What is a Hobo Spider?Identification of the Hobo Spider has proven difficult. Professional identification using anatomical characteristics is best; however, Hobo spiders do have some distinguishable qualities that will help to positively identify a spider as the Hobo. The abdomen of the Hobo spider is marked by a chevron (V-shaped) pattern. The “V’s” of the chevron pattern go down the middle of the abdomen, pointing towards the head. Other markings may or may not be found on the sternum of the Hobo spider: a light stripe down the middle or light spots on the sides.
Originally indigenous to Europe, the Hobo Spider is thought to have come to the Pacific Northwest region of the United States in the 1930s (any connection to hobos and the Great Depression is coincidental.) In Europe the Hobo Spider was found mostly in fields and far away from human habitation where its major competitor, the House spider, hogged all the house space. In North America the Hobo’s range has spread throughout the Pacific Northwest and has been reported as far west as Idaho, Wyoming, and Utah. Its nomadic character, however, has proven that the Hobo spider can be successful in various habitats and has the potential to spread into other U.S. territories.
Why Should I Care?The bite of the Hobo spider is venomous; however, the Hobo Spider will only bite a human when under stress, such as being squeezed or smashed against human skin. If a female Hobo spider feels her egg sac is being threatened, she may also attack. Most Hobo spiders do not reside in man-made structures but may come inside in search of a mate. For this reason Hobo spider bites do not typically occur in the home. The bite will cause localized pain and swelling and can cause necrosis (tissue death).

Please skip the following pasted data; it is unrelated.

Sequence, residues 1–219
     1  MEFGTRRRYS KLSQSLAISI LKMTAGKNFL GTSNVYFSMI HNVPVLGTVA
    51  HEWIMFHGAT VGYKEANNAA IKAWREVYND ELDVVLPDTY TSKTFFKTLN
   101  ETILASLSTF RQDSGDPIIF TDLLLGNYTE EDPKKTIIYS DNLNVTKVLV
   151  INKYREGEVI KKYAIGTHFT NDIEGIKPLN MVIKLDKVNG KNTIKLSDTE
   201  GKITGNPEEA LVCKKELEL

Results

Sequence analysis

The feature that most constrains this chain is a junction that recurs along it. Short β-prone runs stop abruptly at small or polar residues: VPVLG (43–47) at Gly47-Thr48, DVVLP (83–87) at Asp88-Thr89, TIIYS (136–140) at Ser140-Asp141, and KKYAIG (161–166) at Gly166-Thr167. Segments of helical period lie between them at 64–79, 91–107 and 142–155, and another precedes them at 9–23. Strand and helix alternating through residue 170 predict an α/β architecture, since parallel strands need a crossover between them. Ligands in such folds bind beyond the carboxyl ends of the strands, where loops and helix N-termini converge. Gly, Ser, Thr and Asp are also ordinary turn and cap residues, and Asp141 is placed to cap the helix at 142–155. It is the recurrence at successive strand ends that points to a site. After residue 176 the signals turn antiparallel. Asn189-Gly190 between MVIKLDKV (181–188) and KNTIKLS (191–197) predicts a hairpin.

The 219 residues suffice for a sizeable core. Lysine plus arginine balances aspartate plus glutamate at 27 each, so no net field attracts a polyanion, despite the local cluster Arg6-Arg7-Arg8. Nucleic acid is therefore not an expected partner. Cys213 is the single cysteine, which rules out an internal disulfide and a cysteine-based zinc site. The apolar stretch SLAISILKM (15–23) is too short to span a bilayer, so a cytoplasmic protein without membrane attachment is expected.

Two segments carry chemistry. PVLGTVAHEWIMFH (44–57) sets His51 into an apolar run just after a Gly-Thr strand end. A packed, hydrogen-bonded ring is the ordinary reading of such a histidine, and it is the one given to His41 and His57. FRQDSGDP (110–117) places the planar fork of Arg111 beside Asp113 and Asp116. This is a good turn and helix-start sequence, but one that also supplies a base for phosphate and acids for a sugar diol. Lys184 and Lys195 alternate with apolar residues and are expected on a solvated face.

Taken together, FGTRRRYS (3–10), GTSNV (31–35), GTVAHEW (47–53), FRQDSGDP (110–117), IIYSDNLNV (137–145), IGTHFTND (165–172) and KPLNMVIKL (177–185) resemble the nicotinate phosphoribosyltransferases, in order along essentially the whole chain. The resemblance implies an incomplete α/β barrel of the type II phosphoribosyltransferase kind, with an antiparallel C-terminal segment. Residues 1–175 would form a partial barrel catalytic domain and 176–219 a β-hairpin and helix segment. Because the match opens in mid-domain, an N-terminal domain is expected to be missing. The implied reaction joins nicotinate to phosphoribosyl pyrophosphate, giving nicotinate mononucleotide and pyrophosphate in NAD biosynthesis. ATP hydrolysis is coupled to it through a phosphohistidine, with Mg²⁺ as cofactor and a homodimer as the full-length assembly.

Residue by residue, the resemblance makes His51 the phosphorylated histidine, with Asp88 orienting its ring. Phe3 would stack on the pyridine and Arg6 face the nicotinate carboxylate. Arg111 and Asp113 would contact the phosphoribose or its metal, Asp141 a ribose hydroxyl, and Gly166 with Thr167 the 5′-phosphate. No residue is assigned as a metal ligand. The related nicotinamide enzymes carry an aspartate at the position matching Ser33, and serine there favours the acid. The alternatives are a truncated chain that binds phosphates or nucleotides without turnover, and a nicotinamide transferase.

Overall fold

Hobo spider bites have not been known to be fatal. In fact, about half of Hobo spider bites do not inject venom and therefore display no symptoms, but lesions caused by its bite can take months to heal and begin as a small red bump. The bump may begin to blister and scab over between 24 and 36 hours after the bite, then “oozes” as it heals. Systemic symptoms of the Hobo bite include headaches, obstruction of vision, vomiting, and a feeling of discomfort or uneasiness.
What Would Portland Pest Guard Do?A licensed professional at Portland Pest Guard would identify the problem and use the appropriate products to properly extinguish these critters.
Give us a call today at 503.720.8559 to learn more about Hobo Spiders or to schedule